[Date Prev][Date Next][Thread Prev][Thread Next][Date Index][Thread Index]
RE: A response to Walt
- To: "idrama" <firstname.lastname@example.org>
- Subject: RE: A response to Walt
- From: "Brandon J. Van Every" <vanevery@3DProgrammer.com>
- Date: Fri, 6 Apr 2001 15:13:40 -0700
- Importance: Normal
- In-Reply-To: <email@example.com>
- Sender: firstname.lastname@example.org
> To Jason's and Brandon's implications that theorizing is useless
> relative to
> practice: judging from the lack of discernable improvement in IS since
> about1980, I could suggest that practice is pretty frapping
> useless too.
Really? Your opinion of the entire rec.arts.int-fiction community is that
low? Is that based on firsthand examination of tons of work? Or is it an
unfounded prejudice, a misconstruction that nobody's been doing anything
since the 80's, when clearly they have?
Mind you I'm not a RAIF apologist, 25% of that crowd hates my guts, and it's
the only newsgroup that will easily get profanity and killfiles out of me.
But I have perused enough of their works to feel that they do advance the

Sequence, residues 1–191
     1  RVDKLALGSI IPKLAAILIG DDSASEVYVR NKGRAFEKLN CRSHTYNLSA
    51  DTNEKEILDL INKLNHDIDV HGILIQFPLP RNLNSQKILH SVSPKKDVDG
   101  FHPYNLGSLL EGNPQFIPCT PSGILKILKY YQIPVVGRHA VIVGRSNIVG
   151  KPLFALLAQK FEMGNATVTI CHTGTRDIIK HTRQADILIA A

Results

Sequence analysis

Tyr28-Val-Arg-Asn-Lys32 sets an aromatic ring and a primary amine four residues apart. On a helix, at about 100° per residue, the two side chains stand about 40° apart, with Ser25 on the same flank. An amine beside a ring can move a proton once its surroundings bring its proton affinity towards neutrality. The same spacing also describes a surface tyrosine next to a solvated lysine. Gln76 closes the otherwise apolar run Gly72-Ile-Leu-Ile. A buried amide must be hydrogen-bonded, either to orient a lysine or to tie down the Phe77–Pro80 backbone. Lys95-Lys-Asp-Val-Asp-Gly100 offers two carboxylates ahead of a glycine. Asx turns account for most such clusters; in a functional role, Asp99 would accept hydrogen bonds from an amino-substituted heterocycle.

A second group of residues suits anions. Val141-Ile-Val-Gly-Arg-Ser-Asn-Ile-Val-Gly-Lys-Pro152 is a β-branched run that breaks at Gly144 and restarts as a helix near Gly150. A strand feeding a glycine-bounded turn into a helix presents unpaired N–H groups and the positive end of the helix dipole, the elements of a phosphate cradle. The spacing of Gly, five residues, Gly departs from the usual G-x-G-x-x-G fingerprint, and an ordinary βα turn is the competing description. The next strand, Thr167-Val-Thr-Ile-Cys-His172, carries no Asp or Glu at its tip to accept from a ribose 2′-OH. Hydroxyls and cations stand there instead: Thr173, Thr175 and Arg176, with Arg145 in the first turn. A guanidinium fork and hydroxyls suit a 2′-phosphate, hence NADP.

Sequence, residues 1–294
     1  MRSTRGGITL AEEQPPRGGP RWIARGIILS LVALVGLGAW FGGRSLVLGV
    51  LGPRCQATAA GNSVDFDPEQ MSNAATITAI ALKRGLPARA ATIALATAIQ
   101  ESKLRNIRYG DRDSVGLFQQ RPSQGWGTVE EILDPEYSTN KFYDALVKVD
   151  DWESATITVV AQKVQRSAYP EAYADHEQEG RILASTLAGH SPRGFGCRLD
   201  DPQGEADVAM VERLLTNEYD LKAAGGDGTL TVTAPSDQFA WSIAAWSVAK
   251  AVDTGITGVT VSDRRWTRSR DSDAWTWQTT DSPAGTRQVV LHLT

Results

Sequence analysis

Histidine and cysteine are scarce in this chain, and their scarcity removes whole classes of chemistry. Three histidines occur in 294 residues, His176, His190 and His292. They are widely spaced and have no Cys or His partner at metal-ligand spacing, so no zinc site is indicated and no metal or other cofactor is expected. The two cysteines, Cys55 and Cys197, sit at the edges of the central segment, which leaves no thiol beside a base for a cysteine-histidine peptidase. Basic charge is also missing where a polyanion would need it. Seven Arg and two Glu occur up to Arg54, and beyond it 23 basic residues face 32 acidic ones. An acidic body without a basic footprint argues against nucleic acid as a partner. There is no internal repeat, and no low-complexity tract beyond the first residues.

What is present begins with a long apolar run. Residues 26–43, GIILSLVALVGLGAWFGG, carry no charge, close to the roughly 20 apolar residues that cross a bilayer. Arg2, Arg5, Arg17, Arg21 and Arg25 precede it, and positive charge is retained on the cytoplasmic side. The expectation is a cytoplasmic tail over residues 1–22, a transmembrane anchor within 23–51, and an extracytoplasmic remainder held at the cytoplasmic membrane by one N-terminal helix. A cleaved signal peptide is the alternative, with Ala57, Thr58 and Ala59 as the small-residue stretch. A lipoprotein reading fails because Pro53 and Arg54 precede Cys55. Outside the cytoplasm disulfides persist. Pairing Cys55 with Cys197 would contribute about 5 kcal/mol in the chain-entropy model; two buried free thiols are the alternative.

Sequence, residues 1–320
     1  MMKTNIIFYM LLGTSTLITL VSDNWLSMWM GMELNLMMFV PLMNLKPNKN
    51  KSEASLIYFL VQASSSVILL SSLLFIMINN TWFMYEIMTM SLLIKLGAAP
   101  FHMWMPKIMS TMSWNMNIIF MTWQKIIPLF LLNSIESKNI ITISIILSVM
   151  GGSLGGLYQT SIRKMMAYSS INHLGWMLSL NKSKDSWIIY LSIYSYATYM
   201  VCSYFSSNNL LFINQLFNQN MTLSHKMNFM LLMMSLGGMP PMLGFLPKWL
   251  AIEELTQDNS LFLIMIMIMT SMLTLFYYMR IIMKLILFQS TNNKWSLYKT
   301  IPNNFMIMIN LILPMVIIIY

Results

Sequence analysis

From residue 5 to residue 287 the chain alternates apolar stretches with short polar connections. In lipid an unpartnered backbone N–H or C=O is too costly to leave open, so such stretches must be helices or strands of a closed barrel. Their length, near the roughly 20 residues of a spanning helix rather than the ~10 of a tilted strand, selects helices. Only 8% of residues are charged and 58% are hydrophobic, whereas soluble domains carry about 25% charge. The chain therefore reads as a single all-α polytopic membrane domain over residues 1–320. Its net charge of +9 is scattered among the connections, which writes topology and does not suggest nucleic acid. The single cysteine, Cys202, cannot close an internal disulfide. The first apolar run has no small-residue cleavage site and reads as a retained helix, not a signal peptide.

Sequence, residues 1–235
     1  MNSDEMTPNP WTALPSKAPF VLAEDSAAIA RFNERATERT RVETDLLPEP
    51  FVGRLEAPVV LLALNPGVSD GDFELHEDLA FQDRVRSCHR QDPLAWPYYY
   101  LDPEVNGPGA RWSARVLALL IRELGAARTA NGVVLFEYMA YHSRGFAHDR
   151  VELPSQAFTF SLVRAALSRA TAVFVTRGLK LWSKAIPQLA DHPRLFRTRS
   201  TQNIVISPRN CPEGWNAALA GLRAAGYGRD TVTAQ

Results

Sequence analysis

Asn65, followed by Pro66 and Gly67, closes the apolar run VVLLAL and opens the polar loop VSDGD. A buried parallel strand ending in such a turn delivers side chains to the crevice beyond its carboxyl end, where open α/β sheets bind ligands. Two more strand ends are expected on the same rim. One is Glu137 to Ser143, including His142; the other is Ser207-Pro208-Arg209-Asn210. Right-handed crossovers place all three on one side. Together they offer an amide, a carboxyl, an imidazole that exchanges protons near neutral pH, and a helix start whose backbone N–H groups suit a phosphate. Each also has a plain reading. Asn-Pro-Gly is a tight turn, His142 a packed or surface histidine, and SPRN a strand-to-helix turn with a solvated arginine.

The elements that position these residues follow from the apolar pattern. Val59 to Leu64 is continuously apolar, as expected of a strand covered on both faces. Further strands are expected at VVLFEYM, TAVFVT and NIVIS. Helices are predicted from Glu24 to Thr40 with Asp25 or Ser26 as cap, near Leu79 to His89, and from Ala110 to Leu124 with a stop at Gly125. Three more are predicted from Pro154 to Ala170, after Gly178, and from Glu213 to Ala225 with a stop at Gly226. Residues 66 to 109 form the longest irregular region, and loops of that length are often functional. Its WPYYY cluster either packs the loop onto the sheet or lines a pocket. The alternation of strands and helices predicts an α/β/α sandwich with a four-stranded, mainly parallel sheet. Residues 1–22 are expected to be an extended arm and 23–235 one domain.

art and craft of IF. In other words, I don't agree with your point about
practice no matter how you arrived at it.
> To Bob's and Laura's warnings about over-analyzing, I can only
> point out: my computer has no heart.
Why should the computer be doing the job of providing "heart?" Even in the
Erasmatron, I see the emotional components as mere hooks into which skilled
authors can reposit good material. Or bad material. It's up to a human
being, not an engine. Much as you can get abstract data types done in C,
but there are useful standard mechanisms for doing it in C++, and you can
fry yourself thinking it's all about turning everything into C++ objects.
Brandon Van Every Seattle, WA
For plot and pace, writers use words; game designers use numbers.
Anything understood over time has plot and pace.